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CGT workers stand outside the hydraulic power station Grand-Maison, near Vaujany, on the French Alps, on Jan. 22, 2020.

PHILIPPE DESMAZES/AFP/Getty Images

Energy workers temporarily halted power generation at France’s biggest hydro-electricity plant on Wednesday in protest at President Emmanuel Macron’s overhaul of the pension system.

Macron has largely stood his ground during weeks of street marches and strikes that closed schools and crippled public transport.

With those large-scale actions petering out, hard-left unions are resorting to wildcat actions to demonstrate against a reform they say will force workers to stay in employment for longer.

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Wednesday’s disruption at the Grand’Maison plant in the Alps was carried out by members of the CGT, a day after workers from the same union cut power to the world’s largest fresh food wholesale market, Rungis, outside Paris.

The Grand’Maison outage left France needing to import power early in the morning in order to maintain uninterrupted supplies as a cold snap gripped the country.

At 0530 GMT power demand stood at 82.6 gigawatts (GW) as sub-zero temperatures pushed up heating needs, while available capacity was 82.4 GW, data from grid operator RTE showed.

BLURRED LEGALITY

The right to strike is enshrined in France’s constitution but the legality of wildcat actions can be more blurred. Prime Minister Edouard Philippe on Tuesday accused protesters who blockaded plants and cut power supplies of “disrespecting democracy and the law.”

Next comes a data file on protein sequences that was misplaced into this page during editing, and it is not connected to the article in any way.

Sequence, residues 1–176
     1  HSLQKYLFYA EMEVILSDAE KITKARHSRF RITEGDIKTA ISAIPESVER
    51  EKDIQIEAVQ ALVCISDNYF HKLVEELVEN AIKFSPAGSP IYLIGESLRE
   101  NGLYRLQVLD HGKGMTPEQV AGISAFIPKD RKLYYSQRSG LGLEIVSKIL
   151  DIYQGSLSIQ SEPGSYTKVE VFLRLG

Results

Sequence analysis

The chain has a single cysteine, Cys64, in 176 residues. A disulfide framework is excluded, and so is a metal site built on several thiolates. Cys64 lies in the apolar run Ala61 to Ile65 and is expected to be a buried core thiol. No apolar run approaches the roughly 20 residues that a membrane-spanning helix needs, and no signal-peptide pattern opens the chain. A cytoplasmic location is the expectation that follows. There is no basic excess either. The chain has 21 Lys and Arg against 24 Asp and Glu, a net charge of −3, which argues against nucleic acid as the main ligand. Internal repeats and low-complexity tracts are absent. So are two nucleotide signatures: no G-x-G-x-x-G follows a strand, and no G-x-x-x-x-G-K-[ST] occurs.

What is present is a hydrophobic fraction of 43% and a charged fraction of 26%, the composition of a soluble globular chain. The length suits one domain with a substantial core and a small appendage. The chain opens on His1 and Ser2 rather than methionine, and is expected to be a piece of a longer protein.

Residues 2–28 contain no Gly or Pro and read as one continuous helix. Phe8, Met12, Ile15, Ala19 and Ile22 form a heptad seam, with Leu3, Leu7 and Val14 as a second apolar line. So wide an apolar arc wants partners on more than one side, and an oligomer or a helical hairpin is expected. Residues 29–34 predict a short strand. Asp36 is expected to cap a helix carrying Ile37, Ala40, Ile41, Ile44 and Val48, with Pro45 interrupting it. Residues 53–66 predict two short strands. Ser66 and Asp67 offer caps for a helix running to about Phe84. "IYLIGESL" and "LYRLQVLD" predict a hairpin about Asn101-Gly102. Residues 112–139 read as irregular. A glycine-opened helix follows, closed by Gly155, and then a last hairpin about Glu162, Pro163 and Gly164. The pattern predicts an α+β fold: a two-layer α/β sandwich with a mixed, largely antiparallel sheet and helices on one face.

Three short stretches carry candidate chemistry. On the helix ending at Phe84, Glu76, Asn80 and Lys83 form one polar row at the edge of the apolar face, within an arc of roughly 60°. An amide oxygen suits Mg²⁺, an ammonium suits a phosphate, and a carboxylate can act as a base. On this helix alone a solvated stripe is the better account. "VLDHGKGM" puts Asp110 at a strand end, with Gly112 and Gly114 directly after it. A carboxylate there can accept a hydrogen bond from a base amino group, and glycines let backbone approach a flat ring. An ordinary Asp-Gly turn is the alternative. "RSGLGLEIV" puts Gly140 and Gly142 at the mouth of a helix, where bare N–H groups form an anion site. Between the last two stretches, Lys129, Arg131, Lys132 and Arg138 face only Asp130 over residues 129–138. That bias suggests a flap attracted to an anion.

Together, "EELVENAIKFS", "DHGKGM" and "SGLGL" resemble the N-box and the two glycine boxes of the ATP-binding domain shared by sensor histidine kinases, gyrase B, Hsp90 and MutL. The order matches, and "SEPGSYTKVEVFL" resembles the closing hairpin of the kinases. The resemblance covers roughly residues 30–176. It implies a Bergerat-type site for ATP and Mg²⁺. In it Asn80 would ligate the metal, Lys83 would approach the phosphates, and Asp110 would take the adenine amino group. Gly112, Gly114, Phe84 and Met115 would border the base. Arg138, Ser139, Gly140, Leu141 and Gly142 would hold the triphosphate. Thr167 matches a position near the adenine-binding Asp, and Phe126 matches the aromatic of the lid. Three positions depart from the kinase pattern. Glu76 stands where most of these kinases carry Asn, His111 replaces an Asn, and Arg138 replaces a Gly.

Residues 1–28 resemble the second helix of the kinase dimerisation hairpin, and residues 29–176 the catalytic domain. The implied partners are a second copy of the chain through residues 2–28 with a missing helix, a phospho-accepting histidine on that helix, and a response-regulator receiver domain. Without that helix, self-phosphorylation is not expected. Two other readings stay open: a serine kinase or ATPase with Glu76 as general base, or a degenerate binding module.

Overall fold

After Tuesday’s deliberate outage at Rungis, RTE and state-run utility EDF said they would take legal action against those behind such acts.

CGT boss Philippe Martinez denied power cuts were an act of sabotage.

“When there are strikes, things don’t work,” Martinez told BFM TV. “EDF management is pursuing through the judiciary those behind the outages. They refuse to recognize the discontent.”

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Macron’s proposed pension reform would be the biggest overhaul of the system since World War Two.

He wants to streamline the existing set-up of 42 different pension schemes, each with different levels of contributions and benefits, into a single system that gives every pensioner the same rights for each euro contributed.

The myriad special benefits currently handed out to different types of workers deter job mobility, says Macron, for whom the reform is central to his drive to create a more flexible labour market.

Unions, which say the reform will require people to work longer for a full pension, launched a wave of public sector strikes in early December that hit transport networks and lasted more than six weeks.

Catering company Elior saw its shares fall on the Paris stock exchange after it announced the December strikes cost it about €9-million ($10-million).

While the rail and metro strikes have lost steam, industrial action persists in some sectors.

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Dockers on Wednesday began another three-day authorized walkout. Vessels exporting about 188,000 tonnes of wheat and 10,000 tonnes of malt barley are currently held up in the port of Rouen.

Macron’s government has made some concessions, including over the age of retirement, as it seeks to drive a wedge between hardline unions and those more amenable to reforms.

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